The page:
Well-placed artwork has the power to transform a space, but selecting the correct piece can be a complicated and intimidating project. Art is the beautiful icing on the cake in any home. It’s a perfect way to add extra personality and really make the space feel true to yo. So it makes sense to spend some time considering which pieces you want to display. There’s no single list of rules set in stone for how to choose art for a living room, so you have plenty of options at your fingertips. Here are some tips on how to choose art for your home:
- Consider the room. When picking art for any room bigger is better! Any interior designer can aid you in sizing your artwork. However, there is one decorating mistake that people made every so often. It is thatpeople tend to choose wall art that is much too small for the room! If you are investing in art, you certainly don't want to buy it, and hang it, only to discover your room still feels barren. Take into account the amount of furniture that you have in a room, if it is sparse, then a large piece of artwork will fill up the visual field as furniture might. Think about your ceilings are they high, voluminous, vaulted ceilings allowing for a grand painting, or low where a shorter canvas height with landscape orientation might work best? Just remember to be on the safe side,go big! This is especially true if buying modern, contemporary art, bigger is definitely better to maximize the statement.
- Understand your personal style. Artwork comes in all shapes and sizes. If you’re traditional, go for a watercolor landscape of a garden or beach scene. Those with more romantic tastes can look to impressionist-style portraits, or photographs of couples. Photography is a great option for the trendy minimalist. If you’re looking for something modern and eclectic, pick pieces with bold colors and shapes. For a bohemian, artsy vibe, think antique items rather than paintings. Look for vintage record covers or movie posters. Frame and arrange them elegantly to maintain sophistication in the room and prevent it from looking like a college dorm.
- A mixture of paintings, photographs and sculpture collected over time and travels weaves a layered tapestry about one’s interests and aesthetic. Think about which medium you prefer and where your tastes lean before you start shopping. The goal is to pinpoint pieces that mean something to you,not simply choose decor to fill wall space.
- Consider scale. Scale can make or break your room, so when you buy a piece of art, always consider its size, says Twinkle and Whistle interior designer Nelly Reffet. “You don’t want to put a beautiful but tiny artwork on its own on a big white wall, or a huge artwork that chews up so much visual space that it overtakes everything in the room. If you intend to move the piece around your home or to move house at some stage, you might want to focus on pieces that are of fairly “standard” size, i.e. not too big and not too small. Things with measurements between 30cm and 120cm are pretty easy to accommodate in any house.”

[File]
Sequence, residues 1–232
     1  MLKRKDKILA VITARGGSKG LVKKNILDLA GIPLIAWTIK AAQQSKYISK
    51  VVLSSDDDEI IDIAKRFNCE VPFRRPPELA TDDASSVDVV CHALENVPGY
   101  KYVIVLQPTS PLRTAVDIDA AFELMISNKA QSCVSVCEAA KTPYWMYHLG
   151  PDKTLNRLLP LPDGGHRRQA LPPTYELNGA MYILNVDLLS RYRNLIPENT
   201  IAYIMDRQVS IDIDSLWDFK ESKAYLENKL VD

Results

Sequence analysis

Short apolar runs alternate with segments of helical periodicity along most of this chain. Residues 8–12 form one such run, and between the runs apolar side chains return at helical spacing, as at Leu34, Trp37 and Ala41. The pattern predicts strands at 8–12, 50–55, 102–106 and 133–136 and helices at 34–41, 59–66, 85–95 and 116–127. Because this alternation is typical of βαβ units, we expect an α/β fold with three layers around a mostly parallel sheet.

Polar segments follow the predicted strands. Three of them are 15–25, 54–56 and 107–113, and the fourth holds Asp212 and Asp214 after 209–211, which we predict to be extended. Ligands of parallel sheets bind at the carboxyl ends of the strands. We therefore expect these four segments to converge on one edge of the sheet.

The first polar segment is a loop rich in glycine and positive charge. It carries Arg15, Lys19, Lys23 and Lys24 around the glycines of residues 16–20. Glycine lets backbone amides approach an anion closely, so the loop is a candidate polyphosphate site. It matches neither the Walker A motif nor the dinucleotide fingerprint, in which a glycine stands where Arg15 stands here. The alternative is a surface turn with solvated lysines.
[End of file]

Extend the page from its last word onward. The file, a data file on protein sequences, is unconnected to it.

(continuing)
- Like what you like. While your home décor can obey certain rules, such as investing in neutral couches or flooring, people can use their walls for irrational or eclectic choices. “Art is a place for expression through color, content, and texture,” says Pawlak.“Choose art at a heart level, and don’t forget about sculptures and rugs!” They can make artistic statements too.
- Choose your own adventure. What’s the overall effect you’re going for in your living room? How do you want it to feel? Would you like to see neat rows of similar works, or do you want to arrange eclectic gallery walls that showcase a variety of works? Either approach can work with any style of art and decor – you can create a breathtaking gallery wall with antique paintings or choose a refined collection of modern art prints to display in a clean grid.
- Consider a contemporary piece for a traditional space and vice versa. It shakes it up and adds visual interest.
- Consider the wall. Well, of course, you will consider the wall, and you will probably measure it once or twice, but then what? You need to think about two things here - of course there is the overall dimensions of the wall, but then you also need to think about the orientation. Tall, narrow walls will work best with art of a similar shape, created in a portrait, or vertical orientation, while horizontal wall spaces (often found over sofas, in a hallway) work best with landscape-oriented artwork. In looking at the overall wall space dimensions your artwork should take up two-thirds to three-fourths of the wall.
- Decide the role you want artwork to play in your room. Art can either play a large or small part of the decorating scheme in a room. If you have many large, ornate furniture pieces, look for smaller pieces of art. Frame a few, simpler 8″ by 10″ photographs or pictures. Rooms with slimmer, more streamlined furniture can afford to let large pieces of art shine. Think to hang a large painting, reflective of the personal styles described above, on the wall over a straight, simple couch. You can also tack floating shelves to walls to display standing frames or non-linear pieces of art, such as sculptures or collectibles.
- Another rule of thumb for hanging art is to center it at eye level.Consider if you'll usually be standing or sitting in the space, and select your eye-level height accordingly.